I'm being honest when I say that the number of times I've ridden a "road" bike can probably still be counted on two hands. My first two bikes were "touring bicycles" — lower-end Ibex Corridas that I rode over thousands of miles of pavement, but they had flat handlebars and relaxed geometry and couldn't really be called road bikes. I have a fixed-gear commuter that is also a hybrid of a road bike, but my experiences with drop-handlebar, high-tire-pressure, lightweight road bicycles are still limited to a few borrowed and rented bicycles on a few random rides.
I do ride pavement. I just ride it on a mountain bike. This has always worked just fine for me in the past because I lived in climates where the weather turned roads to debris-strewn obstacle courses for much of the year, and on the rare days that they were clear, I was probably out pursuing high-country dirt anyway. For my style of riding, a road bike just seemed excessive — a boutique bike, like a high-wheeler or a unicycle ... fun to play with but ultimately unnecessary.
Only now I'm living in the Silicon Valley, covered in a seemingly endless maze of smooth and winding pavement. While there are trails and open space areas here, this is decidedly roadie country. I see them everywhere — when I'm walking to the store, when I'm sitting at the coffee shop, when I'm ambling up the road on my bouncy bike. They always look so graceful and effortlessly fast, and strangely overdressed in their matching neon yellow jackets and tights. I make a solid attempt to chase them with the bouncy bike, but it usually isn't long before the gap grows larger. Since I didn't know any better, I blamed myself ("I'm slow. Oh well. Hey, is that a singletrack trail on that hillside? I better check that out!")
Beat has been telling me that I need to try road biking. He has a beautiful carbon Calfee that he doesn't really ride either, at least not since he saw the light and gave up triathlons for ultrarunning. Beat could tell you more about its wheelset and components — all I know is that it's black and weighs about as much as Pugsley's seatpost. I had been eyeing it enviously all month. Finally, today, we went to Sportsman's Basement to buy a pair of shiny white and silver road shoes, and Look cleats. Equipped with the proper attachments, I no longer had an excuse not to try out the Calfee. Beat had to ride his own bouncy bike, a Santa Cruz Blur. We decided on a route that Beat remembered as "short" from his triathlon training days, and set out.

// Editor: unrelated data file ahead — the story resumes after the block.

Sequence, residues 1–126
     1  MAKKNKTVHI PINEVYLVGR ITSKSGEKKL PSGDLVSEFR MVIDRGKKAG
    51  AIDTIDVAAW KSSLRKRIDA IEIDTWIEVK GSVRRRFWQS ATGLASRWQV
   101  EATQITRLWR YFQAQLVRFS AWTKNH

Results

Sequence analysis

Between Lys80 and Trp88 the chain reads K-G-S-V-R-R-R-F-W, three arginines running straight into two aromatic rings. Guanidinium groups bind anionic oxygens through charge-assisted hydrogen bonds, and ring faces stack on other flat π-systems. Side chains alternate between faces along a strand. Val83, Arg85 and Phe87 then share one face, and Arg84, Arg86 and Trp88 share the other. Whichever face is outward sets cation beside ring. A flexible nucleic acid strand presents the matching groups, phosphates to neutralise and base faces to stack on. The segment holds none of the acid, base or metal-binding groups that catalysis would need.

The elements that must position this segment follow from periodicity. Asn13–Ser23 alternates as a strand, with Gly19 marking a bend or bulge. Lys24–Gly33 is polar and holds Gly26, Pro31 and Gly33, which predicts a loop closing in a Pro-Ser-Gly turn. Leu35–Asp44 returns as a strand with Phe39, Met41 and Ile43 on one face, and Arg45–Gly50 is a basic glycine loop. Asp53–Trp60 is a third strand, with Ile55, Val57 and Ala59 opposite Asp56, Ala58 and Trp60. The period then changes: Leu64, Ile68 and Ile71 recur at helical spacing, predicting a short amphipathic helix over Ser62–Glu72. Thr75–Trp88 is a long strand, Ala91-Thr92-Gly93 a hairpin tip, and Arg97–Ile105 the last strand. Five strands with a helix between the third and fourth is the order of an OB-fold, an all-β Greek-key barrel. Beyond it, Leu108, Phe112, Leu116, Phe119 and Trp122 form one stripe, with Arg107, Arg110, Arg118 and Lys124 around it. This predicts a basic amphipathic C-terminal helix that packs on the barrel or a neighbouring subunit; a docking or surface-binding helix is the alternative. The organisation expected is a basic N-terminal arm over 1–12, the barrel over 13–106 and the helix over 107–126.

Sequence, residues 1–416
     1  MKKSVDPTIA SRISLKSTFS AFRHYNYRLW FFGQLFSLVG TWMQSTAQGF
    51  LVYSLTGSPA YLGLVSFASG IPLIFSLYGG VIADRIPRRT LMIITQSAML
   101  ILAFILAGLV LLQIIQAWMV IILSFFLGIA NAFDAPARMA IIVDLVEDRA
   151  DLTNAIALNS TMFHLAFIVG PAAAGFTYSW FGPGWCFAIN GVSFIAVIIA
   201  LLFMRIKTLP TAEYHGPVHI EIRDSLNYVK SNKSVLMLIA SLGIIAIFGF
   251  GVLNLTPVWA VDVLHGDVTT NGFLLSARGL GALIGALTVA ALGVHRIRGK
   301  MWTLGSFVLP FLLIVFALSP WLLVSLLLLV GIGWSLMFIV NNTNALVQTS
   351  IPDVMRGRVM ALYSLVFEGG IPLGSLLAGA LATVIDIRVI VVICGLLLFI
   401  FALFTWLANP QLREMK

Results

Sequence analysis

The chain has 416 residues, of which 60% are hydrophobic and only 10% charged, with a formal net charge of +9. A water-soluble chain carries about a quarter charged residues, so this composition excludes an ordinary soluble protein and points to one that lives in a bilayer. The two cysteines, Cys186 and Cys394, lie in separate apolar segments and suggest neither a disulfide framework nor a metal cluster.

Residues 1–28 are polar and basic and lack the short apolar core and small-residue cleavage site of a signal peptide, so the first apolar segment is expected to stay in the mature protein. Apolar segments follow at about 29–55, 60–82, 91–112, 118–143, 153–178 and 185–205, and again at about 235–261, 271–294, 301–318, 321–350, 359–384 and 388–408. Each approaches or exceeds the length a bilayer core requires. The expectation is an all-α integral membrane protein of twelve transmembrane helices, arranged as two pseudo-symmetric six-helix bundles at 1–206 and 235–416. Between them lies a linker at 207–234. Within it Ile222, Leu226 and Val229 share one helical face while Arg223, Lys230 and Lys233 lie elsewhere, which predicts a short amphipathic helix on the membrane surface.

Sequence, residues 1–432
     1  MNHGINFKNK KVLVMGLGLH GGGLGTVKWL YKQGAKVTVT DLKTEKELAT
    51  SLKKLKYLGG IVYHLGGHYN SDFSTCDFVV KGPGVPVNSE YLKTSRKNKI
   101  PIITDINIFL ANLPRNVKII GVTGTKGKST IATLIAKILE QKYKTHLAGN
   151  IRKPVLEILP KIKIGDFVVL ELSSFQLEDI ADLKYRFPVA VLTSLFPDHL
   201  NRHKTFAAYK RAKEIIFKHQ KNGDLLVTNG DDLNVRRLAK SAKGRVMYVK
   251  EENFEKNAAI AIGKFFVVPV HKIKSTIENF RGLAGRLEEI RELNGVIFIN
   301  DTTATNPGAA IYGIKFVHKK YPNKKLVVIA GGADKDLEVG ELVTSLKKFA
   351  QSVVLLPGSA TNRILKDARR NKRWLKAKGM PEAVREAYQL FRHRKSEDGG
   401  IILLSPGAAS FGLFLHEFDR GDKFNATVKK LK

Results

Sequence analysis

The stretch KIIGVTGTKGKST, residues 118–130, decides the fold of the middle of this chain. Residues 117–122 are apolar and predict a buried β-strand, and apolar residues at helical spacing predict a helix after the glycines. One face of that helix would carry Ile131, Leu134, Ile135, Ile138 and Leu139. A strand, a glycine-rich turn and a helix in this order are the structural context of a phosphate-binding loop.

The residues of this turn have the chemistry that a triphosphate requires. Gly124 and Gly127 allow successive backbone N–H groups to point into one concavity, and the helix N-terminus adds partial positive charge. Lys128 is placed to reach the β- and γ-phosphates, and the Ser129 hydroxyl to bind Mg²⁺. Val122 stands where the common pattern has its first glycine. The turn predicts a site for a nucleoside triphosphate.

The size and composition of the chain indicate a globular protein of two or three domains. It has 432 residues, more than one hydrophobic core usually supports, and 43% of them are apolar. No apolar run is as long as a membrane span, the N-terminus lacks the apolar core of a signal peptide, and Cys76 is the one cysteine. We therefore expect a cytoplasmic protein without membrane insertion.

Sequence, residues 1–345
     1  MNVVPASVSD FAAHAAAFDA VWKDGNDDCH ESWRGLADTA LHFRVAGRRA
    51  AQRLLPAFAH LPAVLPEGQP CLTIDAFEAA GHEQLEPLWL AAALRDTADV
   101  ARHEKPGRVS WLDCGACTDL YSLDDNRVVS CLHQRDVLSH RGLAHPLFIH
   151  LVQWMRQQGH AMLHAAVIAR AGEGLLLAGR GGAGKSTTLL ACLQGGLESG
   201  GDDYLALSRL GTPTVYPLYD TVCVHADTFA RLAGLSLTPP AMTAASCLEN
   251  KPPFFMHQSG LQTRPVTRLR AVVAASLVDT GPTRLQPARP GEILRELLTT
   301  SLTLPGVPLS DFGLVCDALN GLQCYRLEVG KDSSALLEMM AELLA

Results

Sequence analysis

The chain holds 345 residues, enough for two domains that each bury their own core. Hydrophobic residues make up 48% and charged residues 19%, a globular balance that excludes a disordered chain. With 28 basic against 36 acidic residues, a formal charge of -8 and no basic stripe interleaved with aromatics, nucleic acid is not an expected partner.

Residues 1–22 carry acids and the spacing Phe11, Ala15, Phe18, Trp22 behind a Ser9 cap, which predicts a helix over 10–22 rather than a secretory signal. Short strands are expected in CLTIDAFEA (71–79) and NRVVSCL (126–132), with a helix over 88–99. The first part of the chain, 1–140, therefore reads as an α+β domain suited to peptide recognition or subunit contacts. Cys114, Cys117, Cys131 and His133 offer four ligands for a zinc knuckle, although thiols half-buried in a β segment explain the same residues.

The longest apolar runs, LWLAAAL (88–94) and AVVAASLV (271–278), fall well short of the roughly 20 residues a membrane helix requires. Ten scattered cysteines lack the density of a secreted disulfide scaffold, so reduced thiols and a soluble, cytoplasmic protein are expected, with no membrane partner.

Road bikes make me nervous. I always feel so squirrelly, teetering on those tiny wheels while I obsess about getting my foot in and out of the clipless pedals (which is always humorous because as soon as I stop thinking about it, it becomes second nature and clipless attachments have never actually caused me any problems.) We set out on Foothill Boulevard, spinning super easy. At least I thought we were spinning easy. When I looked over at Beat, he was working up a solid sweat.
At mile 11 we hit the top of a rolling descent and Beat said I should surge ahead because it would be more fun for me. "OK!" I exclaimed and clicked up the shifters. I put a little extra power into each stroke — not enough to really raise my heart rate, but just enough to power up each roller. After about what seemed like five minutes, I dropped back into the valley. I stopped on an overpass above a roaring Interstate 280, quite bewildered. "This doesn't look right." Several minutes later, Beat caught up to me, wheezing. I had overshot the turn by three miles. Yes, three miles. Beat seemed really annoyed about it for some reason.
We made it back to Old La Honda Road and started up the narrow, winding corridor. This too was an easy spin so I took photographs and said hello to other climbing cyclists who did not seem inclined to chat. The Calfee climbed so effortlessly that I started to suspect there was in fact a small electric motor attached to the frame somewhere. I looked for it but could not locate it. A few more relaxing minutes passed and we were inexplicably at 1,800 feet on Skyline Drive. We put on arm warmers and launched into the most physically taxing and difficult part of the ride, the steep descent. I clenched my teeth and throttled the brakes, never quite trusting those tenuous tires to actually stick to the road around each tight corner. Finally, I held my pedals parallel and pushed my butt behind the saddle. This mountain bike pose did help a bit with my confidence.
Then we rode home. It was like a few more minutes. Beat rode beside me and said he felt knackered. Really? I looked at my GPS. We had ridden 41 miles and climbed 2,700 feet. On my mountain bike, even on pavement, that would be a tough afternoon ride. No wonder Beat was tired.
Beat asked me how I liked the road bike. I had to admit it was fantastically fun, but also kind of boring, too. Beat enjoyed a good, solid ride on his knobby tires. He got to work twice as hard while I meandered along on his light, fast road bike. I mean, what's the point of a bicycle that does all the work for you?
"The point is to go faster and farther," Beat said.
"Oh," I said. I get it now. Faster and farther. Next time, I'm going to try that.